Building savings and increase emergency funds, businessman with stacked money coins on office desk
Legal & General recently reported that, in the main, buyers under the age of 35 (more than half at 56%) have received help by way of a gift of cash from parents or grandparents to help them get a foot on the property ladder.
The research carried out by L&G in early August found that on average Mum and Dad was lending £19k to first time buyers who were under the age of 35, with a fifth of these buyers saying that they actually received upwards of £30k. Interestingly out of those who had received the ‘gifts’ three in 10 of the buyers hoped to pay back some of the gift (making it more of a loan).
These were the results of analysing responses from 1,985 recent or prospective homebuyers and 522 grandparents or parents.
New homeowners of all ages claim they would have been unlikely to buy without support.
71% of new homeowners reported that they would have possibly not been in a position to purchase without financial gifts from family. In fact, on average those surveyed said that they thought no help could have potentially delayed their plans by an average of four years.
With the stamp duty freeze until March 2021, the property market has seen a massive rise in sales, so lots of young people have been making the leap and committing to getting on the housing ladder. The rub is of course having the deposit in many cases and this is often where the Bank of Mum and Dad (BoMaD) may well step up.
The pandemic has seen a surge in parents saying that they are now planning to give more than they may have originally planned – the Covid effect is really making people think and consider their futures and the survey reflects this with 18% of those surveyed wanting to provide 50% more financial support than before.
The key here of course is getting the legality right from the onset; it is important that any financial support from BoMaD needs to be clearly laid out as either a gift (which would be subject to IHT rules) or a loan to be repaid by the recipient.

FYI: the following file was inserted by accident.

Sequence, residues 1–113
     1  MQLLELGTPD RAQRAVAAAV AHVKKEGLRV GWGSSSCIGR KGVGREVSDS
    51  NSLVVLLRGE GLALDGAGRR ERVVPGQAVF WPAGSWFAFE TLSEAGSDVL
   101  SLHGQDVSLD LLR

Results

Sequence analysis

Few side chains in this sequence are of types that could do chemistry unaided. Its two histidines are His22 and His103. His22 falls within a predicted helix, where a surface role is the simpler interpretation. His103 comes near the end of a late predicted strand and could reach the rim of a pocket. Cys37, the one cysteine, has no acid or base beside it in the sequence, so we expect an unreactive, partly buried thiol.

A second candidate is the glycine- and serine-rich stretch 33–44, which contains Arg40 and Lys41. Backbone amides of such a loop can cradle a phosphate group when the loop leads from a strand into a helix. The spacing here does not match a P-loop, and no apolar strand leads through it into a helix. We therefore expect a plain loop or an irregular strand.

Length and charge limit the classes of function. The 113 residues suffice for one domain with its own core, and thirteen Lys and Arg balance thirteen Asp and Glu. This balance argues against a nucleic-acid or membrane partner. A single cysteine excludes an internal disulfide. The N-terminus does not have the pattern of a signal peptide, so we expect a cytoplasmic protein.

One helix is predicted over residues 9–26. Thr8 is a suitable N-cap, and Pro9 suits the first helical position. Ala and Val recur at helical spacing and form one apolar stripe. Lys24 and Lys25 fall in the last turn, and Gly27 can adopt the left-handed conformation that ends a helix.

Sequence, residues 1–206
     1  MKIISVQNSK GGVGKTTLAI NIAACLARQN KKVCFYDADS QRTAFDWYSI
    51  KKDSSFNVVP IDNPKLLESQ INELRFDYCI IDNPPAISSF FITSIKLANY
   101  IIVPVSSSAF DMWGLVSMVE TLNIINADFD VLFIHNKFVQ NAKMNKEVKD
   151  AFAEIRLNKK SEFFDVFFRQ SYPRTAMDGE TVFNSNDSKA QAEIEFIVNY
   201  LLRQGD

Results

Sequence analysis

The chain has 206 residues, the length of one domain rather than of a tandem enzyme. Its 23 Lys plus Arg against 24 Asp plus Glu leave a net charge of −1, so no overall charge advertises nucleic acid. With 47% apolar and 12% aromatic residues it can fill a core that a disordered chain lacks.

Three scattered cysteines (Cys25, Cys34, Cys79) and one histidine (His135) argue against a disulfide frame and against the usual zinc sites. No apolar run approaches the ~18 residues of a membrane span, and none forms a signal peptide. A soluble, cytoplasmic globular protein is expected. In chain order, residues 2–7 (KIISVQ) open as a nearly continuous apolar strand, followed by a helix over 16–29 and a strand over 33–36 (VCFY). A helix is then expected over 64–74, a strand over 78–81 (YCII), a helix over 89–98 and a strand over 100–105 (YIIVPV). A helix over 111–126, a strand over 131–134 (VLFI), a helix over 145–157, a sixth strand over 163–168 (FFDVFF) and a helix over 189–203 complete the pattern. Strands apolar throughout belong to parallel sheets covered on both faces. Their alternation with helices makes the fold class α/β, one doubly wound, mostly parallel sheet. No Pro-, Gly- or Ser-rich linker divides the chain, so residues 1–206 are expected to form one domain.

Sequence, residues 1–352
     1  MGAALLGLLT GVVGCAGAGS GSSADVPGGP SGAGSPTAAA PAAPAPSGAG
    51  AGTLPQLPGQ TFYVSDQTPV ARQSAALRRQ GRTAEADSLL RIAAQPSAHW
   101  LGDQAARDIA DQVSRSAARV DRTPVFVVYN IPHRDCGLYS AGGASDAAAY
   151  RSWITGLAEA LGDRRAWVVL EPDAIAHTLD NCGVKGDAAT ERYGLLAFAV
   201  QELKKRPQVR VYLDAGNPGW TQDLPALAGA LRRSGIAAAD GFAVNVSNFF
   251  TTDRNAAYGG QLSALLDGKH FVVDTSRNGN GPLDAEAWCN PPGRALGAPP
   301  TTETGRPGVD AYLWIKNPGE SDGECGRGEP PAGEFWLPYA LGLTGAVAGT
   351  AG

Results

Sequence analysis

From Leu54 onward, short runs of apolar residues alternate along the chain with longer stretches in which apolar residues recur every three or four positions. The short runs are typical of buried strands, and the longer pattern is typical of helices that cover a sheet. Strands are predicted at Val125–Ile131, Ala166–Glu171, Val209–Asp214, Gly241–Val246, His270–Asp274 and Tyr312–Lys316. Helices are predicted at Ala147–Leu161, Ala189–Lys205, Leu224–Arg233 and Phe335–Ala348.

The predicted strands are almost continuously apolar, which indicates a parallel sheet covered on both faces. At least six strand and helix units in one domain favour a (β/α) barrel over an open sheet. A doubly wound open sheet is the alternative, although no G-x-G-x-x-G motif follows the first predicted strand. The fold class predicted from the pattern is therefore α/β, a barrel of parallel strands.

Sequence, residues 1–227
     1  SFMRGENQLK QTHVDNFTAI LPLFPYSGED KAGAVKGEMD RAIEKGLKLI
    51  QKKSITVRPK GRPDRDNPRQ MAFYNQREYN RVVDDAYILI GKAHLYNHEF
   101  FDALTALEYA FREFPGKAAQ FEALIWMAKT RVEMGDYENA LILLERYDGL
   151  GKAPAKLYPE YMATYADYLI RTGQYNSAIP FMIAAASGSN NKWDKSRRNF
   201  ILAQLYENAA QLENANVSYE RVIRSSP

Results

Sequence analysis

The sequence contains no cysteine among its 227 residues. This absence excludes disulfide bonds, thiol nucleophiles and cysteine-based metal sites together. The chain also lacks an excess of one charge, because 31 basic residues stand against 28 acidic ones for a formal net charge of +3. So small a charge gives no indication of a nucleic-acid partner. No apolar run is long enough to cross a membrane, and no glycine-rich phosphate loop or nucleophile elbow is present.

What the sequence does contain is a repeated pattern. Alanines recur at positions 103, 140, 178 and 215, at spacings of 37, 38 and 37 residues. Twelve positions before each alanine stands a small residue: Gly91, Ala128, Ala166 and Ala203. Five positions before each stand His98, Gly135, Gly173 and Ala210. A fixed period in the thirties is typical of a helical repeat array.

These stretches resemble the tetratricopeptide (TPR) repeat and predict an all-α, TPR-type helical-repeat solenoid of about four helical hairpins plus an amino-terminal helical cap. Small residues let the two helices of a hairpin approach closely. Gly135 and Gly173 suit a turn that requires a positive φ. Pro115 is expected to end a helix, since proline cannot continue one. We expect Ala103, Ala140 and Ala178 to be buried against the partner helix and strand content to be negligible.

The last thing any family would want would be any potential disagreements between themselves over money intended to originally help.
Nigel Wilson, CEO at Legal & General said:
“[While] the Bank of Mum and Dad is playing a clear and present role for many buyers, it remains a symptom of a broken housing market. Thousands of people simply don’t have a Bank of Mum and Dad to rely on.
“For those that do, generous family members are still having to draw on retirement savings and rainy day funds even as the country experiences its most significant economic challenge since the Second World War.”
Covid causing increase of Equity Release applications
Commenting on the research, Will Hale, CEO of equity release adviser Key, said he had seen almost a quarter of equity release customers in the first half of the year use some of their funds to gift money to family.
Mr Hale also said:
“To a large extent the Bank of Mum and Dad is filling the gap left by high street mortgage lenders, many of whom have stopped offering high loan-to-value deals and/or have tightened criteria.”
As we move into the winter months and the now clear second wave of the virus, only time will tell in respect of equity release figures, but back in May following the first wave there was a definite increase in equity release applications.
In fact, data from Equity Release Supermarket found that there has been a rise in younger age groups with the number of plans being taken out by 55-59 year olds rising by 4% on earlier months in May.
The use of equity release appears to have ‘altered dramatically’ according to the company with it stating that in May compared to previous months gifting to young children accounted for 19.3% of plans taken out. This was an increase of 7.5%.